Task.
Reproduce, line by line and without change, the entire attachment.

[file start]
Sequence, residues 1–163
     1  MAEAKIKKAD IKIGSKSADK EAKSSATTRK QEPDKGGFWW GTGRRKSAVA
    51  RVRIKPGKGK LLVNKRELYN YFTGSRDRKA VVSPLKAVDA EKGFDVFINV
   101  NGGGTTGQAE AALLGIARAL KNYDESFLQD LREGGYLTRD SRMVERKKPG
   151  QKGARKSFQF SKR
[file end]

Sequence, residues 1–163
     1  MAEAKIKKAD IKIGSKSADK EAKSSATTRK QEPDKGGFWW GTGRRKSAVA
    51  RVRIKPGKGK LLVNKRELYN YFTGSRDRKA VVSPLKAVDA EKGFDVFINV
   101  NGGGTTGQAE AALLGIARAL KNYDESFLQD LREGGYLTRD SRMVERKKPG
   151  QKGARKSFQF SKR